That a politician should find the right words at such a moment is not in itself remarkable.
But reading Robertson’s comments I was reminded that – in the SNP – he is unique. No other senior Nationalist understands the armed forces like Robertson.
It’s not simply that he’s well-briefed, though he seems to be. What makes Robertson so very unusual for an SNP politician is that he feels at home among service folk. They’re his kind of people.
As MP for Moray – Scotland’s most forces-dependent constituency – Robertson might be expected to tailor his services appropriately. But the 42-year-old’s commitment appears sincere. I believe him when he says he understands how loss affects communities where every time a loved one departs the fear that they may not return snaps back to life.
Robertson is the only elected SNP member to have visited troops in war zones, having made trips to both Kuwait and Afghanistan. (A Nationalist source was keen to point out to me that Alex Salmond has never been invited to meet servicemen and women. It’s hard to imagine a point since 2007, however, when the Ministry of Defence would have been able to reject a request from the First Minister’s office.) He’s also a graduate of the House of Commons Armed Forces scheme, where MPs train alongside the new recruits to the Army, Navy and RAF. And beware anyone – Nationalist or unionist – with a critical word for the men and women who serve us. Robertson is their fiercest defender.
One of the ways in which die-hard SNP members kid themselves that their party is still in the slightest bit radical is through their approach to defence. The Nationalists’ broad “nukes out, troops home” mantra may, from time to time, chime with a wider public mood. But it’s a stance adopted in the days when the notion that an SNP politician might ever have to seriously consider the defence of an independent Scotland was laughable.
Times change. And so does nationalism. Now it incorporates the Queen, the Bank of England, and even being British.
But when it comes to defence, the Nationalists are stuck in the past.
The public proclamations are just as fiery as ever, but senior SNP politicians have been bumping up against the real world for quite some time now, and they privately know slogan politics isn’t enough this time.
The pledge to remove the Trident nuclear deterrent from the Clyde remains a great favourite of SNP MSPs. It’s a policy which – whenever Salmond restates it in the Holyrood debating chamber – has his troops cheering and thumping their desks. Some of them actually still believe it’s going to happen.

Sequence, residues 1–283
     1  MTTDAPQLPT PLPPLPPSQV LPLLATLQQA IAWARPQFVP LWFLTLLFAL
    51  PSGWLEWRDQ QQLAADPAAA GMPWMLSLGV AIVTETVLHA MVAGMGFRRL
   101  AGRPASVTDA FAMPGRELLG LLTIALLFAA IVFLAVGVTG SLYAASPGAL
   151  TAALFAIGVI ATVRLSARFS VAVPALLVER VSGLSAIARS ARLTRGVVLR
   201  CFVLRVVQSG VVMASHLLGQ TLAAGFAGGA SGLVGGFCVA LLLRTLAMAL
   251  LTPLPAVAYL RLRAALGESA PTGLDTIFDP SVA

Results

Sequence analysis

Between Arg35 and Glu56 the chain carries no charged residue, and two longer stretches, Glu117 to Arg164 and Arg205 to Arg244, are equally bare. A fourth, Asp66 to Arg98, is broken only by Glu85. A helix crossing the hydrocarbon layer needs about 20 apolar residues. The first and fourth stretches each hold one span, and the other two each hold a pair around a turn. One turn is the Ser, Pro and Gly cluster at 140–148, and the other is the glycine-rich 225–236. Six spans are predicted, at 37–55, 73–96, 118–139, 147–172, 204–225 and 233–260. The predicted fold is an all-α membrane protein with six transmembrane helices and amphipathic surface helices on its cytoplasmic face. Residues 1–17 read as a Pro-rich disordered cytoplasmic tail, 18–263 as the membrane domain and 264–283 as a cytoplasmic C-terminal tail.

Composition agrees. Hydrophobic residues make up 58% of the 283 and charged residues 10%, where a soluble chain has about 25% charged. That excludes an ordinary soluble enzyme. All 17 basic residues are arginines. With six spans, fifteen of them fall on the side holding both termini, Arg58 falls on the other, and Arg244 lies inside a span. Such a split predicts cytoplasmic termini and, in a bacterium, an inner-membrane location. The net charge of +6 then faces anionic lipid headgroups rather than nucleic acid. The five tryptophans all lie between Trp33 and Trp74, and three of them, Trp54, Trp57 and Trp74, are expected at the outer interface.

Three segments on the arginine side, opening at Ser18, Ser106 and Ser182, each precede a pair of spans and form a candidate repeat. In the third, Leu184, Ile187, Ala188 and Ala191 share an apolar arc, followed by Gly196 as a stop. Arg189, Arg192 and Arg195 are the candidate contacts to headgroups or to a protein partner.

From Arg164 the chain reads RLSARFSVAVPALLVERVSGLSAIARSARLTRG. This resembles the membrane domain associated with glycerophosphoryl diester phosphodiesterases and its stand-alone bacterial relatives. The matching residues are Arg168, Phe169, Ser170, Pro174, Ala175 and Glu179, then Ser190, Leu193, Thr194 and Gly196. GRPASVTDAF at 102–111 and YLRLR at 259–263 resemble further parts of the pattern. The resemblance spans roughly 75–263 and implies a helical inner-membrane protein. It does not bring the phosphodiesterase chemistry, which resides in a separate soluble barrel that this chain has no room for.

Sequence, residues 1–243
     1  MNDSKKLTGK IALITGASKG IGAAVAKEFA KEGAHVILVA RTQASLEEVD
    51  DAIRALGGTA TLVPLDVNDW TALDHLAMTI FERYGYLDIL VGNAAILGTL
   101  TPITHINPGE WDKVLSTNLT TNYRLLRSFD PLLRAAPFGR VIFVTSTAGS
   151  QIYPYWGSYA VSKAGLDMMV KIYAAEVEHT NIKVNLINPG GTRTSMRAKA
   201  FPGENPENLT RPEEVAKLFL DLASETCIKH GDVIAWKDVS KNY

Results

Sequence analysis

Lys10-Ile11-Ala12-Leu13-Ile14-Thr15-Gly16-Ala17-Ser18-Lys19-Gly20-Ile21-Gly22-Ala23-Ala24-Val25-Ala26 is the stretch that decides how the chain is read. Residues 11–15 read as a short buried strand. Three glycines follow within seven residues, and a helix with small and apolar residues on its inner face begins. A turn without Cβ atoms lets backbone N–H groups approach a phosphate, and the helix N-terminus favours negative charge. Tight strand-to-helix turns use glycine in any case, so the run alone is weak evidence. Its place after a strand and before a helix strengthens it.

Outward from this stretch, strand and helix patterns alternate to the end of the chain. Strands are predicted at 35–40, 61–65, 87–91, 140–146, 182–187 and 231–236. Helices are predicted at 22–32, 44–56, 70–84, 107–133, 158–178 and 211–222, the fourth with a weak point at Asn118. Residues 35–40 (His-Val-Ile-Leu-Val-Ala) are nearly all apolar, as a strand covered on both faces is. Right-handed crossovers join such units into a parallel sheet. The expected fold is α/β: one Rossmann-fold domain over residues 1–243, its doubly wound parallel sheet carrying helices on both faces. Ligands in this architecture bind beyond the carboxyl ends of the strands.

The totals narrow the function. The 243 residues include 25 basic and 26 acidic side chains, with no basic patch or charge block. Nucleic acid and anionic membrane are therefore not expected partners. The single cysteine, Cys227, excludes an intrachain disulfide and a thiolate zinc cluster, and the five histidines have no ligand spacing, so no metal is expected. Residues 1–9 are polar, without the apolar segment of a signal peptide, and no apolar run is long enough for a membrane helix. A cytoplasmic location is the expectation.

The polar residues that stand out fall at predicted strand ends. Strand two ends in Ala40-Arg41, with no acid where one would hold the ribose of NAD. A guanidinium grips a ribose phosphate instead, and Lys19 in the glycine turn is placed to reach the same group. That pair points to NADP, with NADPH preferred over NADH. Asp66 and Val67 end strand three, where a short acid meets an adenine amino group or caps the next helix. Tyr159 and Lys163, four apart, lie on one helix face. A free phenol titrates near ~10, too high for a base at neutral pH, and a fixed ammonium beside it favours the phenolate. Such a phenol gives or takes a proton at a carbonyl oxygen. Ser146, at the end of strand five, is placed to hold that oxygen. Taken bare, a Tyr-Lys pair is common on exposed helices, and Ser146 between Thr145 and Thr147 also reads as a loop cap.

But behind the scenes, the SNP leadership knows the removal of nuclear submarines from Faslane would be a logistical nightmare, particularly if, as some in the party believe, the Nationalists are ready to ditch opposition to membership of Nato at their autumn conference. Some Nationalists have said that an independent Scotland could be both nuclear-weapon free and a member of Nato, citing examples of other non-nuke member countries. But those countries didn’t have billions of pounds of Nato weaponry already installed in a specific location for strategic reasons.
Can an independent Scotland really say to Nato that we’d like membership, thanks, but could you move those weapons somewhere less suitable to defend the free world?
It’s not just on Trident and Nato that the SNP looks unsure. There’s also the matter of what exactly the fully equipped, expertly trained men and women of a promised independent Scottish forces would actually do. If Scotland is out of Nato, they’re going to have to organise a lot of parades to pass the time.
There couldn’t be a better time for the SNP to revisit defence policy. The leadership should do so with confidence. The Bravehearts can be ignored: they’d vote yes in the referendum even if Salmond killed a cat on Newsnight Scotland. But the not-quite-theres of middle Scotland are yet to hear a satisfactory vision for defence from the Nationalists.
Among elected SNP members, there are widely differing views on the subject. For some – and I include in this number a handful of MSPs – an independent Scottish Armed Forces would represent an end to wearing the “butcher’s apron” of the union flag. But others have given more serious thought to this, and question how a small island, vulnerable to attack, can realistically operate with two separate armed forces.
It’s one thing to refuse to join in something like war in Iraq, but quite another when talking about the defence of these islands.
Some would tell you that a large section of the SNP have never really engaged on the subject of defence. It’s true that the party does seem to operate at the extremes of vehemently opposing action while sentimentally defending the Scots regiments which are engaged in conflict.
Back in 2001, in the aftermath of the 9/11 attacks, the party cancelled a conference debate on Nato. Privately, it was because spin doctors feared that opening the floor would elicit comments about American and British forces that would be impossible to defend.
I could understand the reasoning then, but this failure to confront and debate on the subject has continued down the years. As a consequence, there are too many blank spaces in SNP defence policy, too many questions unanswered.
Serious Nationalist politicians have to nail down exactly how Scottish armed forces would fit in the world. They need to deal with the Nato and Trident issues satisfactorily.
Angus Robertson is a significant figure in the SNP. He has a key role in the referendum campaign and is, by some distance, his party’s most capable Westminster debater. But he could do no greater service to his party than leading a new debate on the subject of defence.
Angus Robertson spoke with generosity and compassion this week because the people of the armed forces matter to him.
He can do this within the SNP because he knows that what the party does matters to everyone.